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Early to Build Distribution Networks that Live Up to Intense Holiday Demands

“Ship from Store” fulfillment requires an integrated real estate strategy to meet retailers’ omnichannel objectives. Source: JLL.

Delayed packages and mismatched orders characterized the 2013 holiday delivery debacle and last year saw retailers starting holiday planning months ahead. To compete effectively during the 2015 holiday season, retailers are taking a more holistic view of their supply chain real estate.

The journey to a flexible, functional distribution network is a dynamic model, and it’s vital to have the right real estate strategy in place to support growing omnichannel expectations.

For those beginning to shop for the right retail distribution real estate, we’ve captured some key changes executives can expect in today’s market:

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When companies suffer from something like a data breach or lose their relevancy to customers, their reputation takes a hit as well. A new study released by the Reputation Institute – “2015 U.S. Retail RepTrak: Reputation Leaders in U.S. Retail Industry” – analyzes what makes or breaks a company’s reputation.

Reputation is all tied into sales and if your reputation is tanking, you’ll lose the customers that trust you to deliver a specific service or product and, ultimately, your business altogether.

Read more on the RM Blog: http://blog.retail-merchandiser.com/?p=676.

The global movement toward sustainability went full-throttle in April. Earth Day fell on April 22nd, just prior to the two-year anniversary of the Rana Plaza factory collapse. This was followed shortly after by the earthquake in Nepal. The combination of these events created more discussion around sourcing, forcing people to take a closer look at the repercussions of manufacturing products abroad.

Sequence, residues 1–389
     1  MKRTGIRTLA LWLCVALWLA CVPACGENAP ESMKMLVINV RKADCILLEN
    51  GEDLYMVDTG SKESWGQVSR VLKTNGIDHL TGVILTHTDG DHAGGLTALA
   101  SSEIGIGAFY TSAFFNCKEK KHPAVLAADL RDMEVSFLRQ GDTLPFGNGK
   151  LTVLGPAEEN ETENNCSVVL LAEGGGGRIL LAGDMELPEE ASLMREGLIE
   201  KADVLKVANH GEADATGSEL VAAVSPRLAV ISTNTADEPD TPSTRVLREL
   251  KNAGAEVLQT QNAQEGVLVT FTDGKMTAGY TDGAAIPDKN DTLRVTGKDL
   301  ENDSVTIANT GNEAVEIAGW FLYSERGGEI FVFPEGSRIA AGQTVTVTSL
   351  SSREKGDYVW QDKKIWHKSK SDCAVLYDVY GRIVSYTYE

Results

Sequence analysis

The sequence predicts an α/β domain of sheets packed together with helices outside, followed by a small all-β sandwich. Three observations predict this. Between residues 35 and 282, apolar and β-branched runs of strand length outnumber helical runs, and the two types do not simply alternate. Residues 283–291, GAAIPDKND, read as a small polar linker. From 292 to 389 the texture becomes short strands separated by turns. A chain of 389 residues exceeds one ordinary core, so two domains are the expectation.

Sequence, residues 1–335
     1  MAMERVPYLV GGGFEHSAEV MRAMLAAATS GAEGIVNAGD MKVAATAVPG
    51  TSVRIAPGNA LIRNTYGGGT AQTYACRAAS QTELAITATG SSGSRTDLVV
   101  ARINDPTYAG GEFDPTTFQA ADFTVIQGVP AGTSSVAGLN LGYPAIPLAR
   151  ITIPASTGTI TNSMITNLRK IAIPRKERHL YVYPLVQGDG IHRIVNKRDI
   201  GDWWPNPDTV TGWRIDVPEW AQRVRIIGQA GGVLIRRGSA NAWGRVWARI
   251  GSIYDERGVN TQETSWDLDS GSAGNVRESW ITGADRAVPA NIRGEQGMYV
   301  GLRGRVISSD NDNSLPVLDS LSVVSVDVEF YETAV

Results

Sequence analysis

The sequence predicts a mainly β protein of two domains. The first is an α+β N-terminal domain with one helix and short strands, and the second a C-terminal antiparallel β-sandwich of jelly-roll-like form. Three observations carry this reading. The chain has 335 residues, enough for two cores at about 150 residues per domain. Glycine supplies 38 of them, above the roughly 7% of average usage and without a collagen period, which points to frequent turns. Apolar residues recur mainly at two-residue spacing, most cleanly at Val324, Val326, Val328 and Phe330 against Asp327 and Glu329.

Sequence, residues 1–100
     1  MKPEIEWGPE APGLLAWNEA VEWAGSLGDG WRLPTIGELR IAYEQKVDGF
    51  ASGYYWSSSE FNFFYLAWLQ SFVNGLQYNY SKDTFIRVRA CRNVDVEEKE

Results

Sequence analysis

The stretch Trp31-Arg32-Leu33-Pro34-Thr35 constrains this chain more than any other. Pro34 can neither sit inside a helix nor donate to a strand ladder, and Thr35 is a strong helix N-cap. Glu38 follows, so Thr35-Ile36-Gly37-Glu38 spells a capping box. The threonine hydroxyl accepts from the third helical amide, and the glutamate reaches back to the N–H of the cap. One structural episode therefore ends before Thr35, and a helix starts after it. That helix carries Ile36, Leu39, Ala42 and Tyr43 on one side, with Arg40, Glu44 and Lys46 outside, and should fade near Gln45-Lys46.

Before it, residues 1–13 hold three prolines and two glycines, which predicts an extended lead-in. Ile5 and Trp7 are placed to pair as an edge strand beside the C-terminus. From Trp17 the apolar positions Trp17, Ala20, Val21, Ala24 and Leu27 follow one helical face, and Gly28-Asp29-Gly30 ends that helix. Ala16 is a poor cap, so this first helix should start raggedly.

As the public was bombarded across channels – from social media to commercials, articles and celebrity activism – it got me thinking: Have you ever heard the expression "it takes 1,000 whispers to make a shout"? Well these 1,000 statements caused a collective moment toward awareness around ethical sourcing. There were several dialogues that set-off the wave of conversation in April. Here’s what came out of them:

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Why should consumers shop with you if they can purchase what you’re selling at a lower price elsewhere? That’s just one of the dilemmas retailers face when trying to attract and retain loyal customers. And while you can’t necessarily control what the competition is doing, you do have the ability to deliver the ultimate shopping experience so they can keep coming back for more.

Here are some ways to boost customer loyalty in your retail establishment:

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Imagine you’re on vacation; you’re walking down a street crowded with storefronts searching for the perfect souvenir. One of the store’s signs shouts “Get your Typical Trinkets Here!” while another’s loudly displays “Traditional Toys for Sale!” which store would you choose to go into?